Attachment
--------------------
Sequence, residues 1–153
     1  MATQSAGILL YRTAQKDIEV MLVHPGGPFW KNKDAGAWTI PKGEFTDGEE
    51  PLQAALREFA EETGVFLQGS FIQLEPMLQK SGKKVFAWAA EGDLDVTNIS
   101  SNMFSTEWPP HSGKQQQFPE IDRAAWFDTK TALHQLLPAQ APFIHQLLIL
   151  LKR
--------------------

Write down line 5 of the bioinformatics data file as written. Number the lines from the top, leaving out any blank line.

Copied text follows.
   151  LKR